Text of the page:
Eliz. You hate flattery, cousin ! Nov. Yet have you done, madam?

L. Plau. Oh lord, madam! my company! Oliv. Pray, sir, proceed.

your most obliged, faithful, humble servant ! But Nod. Then, she

I might have brought you good company, indeed; Oliv. I was just going to say $0—she

for I parted just now at your door with two of Eliz. I find, cousin, one may have a collection the most sensible, worthy menof all one's acquaintance's pictures at your house, Olio. Who are they, my lord? as well as at sir Joshua Reynolds's, with this differ- Nov. Who do you call the most sensible, worence only, that his are handsome likenesses; to say thy men ? the truth, you are the first of the profession of L. Plau. Oh, sir, two of the brightest characportrait-painters I ever knew without flattery. ters of the present age; men of such honour and

Vol. II.


virtue. Perhaps, you may know them-Count Manly and footboy speak within.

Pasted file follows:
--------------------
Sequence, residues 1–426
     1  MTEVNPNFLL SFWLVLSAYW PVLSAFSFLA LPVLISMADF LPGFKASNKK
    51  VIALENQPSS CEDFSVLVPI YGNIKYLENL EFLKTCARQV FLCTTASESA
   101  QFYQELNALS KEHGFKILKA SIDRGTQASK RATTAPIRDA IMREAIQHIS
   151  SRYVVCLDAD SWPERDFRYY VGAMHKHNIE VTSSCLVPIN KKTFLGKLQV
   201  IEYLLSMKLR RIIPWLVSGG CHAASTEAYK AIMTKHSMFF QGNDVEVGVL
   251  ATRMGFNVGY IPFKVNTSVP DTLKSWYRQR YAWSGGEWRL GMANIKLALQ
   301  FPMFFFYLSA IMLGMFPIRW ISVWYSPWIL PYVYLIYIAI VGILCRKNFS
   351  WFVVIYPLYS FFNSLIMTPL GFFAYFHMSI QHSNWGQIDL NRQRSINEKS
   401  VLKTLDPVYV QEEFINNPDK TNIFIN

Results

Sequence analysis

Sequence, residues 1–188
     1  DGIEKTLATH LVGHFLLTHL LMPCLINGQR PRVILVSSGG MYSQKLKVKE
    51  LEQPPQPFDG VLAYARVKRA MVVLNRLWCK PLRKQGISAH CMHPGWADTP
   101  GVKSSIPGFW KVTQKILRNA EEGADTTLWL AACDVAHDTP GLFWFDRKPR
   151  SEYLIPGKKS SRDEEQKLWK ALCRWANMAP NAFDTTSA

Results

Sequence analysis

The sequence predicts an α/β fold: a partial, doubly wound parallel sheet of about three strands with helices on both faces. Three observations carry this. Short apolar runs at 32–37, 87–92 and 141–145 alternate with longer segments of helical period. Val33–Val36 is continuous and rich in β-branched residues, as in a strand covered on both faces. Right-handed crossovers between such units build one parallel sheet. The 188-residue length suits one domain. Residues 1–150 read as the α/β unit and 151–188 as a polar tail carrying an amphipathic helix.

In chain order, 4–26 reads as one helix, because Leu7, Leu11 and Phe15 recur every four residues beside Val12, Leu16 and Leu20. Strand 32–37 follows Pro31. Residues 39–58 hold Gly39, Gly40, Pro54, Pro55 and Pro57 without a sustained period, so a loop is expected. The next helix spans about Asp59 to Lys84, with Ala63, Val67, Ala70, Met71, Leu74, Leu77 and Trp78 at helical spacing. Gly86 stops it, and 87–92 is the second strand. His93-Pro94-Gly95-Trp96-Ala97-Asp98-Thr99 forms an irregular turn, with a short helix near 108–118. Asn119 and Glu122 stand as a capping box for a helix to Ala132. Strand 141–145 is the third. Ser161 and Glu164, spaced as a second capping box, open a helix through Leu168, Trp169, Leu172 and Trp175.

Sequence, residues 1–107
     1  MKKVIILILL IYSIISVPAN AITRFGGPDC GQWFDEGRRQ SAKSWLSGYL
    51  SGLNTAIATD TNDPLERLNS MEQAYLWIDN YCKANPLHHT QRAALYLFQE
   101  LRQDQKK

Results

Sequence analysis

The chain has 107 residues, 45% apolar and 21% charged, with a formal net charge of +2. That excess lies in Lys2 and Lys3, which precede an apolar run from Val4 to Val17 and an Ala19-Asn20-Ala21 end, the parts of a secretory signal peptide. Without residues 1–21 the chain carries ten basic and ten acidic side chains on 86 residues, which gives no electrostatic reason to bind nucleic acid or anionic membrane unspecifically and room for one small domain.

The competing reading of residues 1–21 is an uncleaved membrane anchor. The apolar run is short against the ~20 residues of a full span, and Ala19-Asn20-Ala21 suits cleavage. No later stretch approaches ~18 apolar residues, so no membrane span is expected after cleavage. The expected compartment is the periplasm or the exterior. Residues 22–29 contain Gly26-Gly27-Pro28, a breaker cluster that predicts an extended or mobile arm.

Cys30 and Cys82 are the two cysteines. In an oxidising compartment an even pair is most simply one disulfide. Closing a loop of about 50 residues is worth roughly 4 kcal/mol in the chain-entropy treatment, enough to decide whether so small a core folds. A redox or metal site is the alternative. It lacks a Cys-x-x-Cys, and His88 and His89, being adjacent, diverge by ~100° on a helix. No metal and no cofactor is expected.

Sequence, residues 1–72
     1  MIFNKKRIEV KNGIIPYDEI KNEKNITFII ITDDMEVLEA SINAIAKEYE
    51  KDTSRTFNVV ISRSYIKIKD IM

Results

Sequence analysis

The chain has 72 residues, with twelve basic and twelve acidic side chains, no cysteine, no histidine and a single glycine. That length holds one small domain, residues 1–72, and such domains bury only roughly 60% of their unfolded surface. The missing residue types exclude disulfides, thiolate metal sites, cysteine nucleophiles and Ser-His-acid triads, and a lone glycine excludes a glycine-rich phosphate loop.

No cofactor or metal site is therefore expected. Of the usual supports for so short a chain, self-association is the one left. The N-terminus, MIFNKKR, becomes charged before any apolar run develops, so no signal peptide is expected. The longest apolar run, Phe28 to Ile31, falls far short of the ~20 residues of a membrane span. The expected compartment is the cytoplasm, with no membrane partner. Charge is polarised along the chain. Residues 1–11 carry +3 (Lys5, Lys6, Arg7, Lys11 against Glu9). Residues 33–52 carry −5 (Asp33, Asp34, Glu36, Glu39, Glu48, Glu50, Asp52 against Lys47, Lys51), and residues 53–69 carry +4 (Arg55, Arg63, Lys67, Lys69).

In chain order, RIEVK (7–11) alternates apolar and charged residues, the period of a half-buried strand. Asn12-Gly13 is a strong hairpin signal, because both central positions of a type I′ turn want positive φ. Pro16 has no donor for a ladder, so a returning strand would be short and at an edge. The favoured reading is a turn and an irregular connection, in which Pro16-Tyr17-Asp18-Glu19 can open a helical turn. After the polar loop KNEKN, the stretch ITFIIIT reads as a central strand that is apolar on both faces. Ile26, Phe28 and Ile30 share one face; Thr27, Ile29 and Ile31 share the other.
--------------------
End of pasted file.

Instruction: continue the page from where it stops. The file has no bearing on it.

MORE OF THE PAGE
Levant, and sir Richard Court-Title.
Nov. Court-Title! ha! ha! ha!

Man. Not at home! Not see me! I tell you Oliv. And count Levant! How can you keep she is at home, and she will see me let her such a wretch company, my lord?

know my name is Manly. L. Plau. Oh seriously, madam, you are too Boy. Well, but your honour, my lady's sick, I severe: he is highly carest by every body. dare not go to her.

Oliv. Carest, my lord! why he was never Man. Well, then, I'll go to her. three tinies in company in his life, without being | Boy. Help, Mrs Lettice! help! here's the sea twice kicked out of it."

gentleman ! Nov. And for sir Richard !

Oliv. What noise is that ? L. Plau. He is nice in his connections, and loves to chuse those he converses with.

Enter Manly. Oliv. He loves a lord, indeed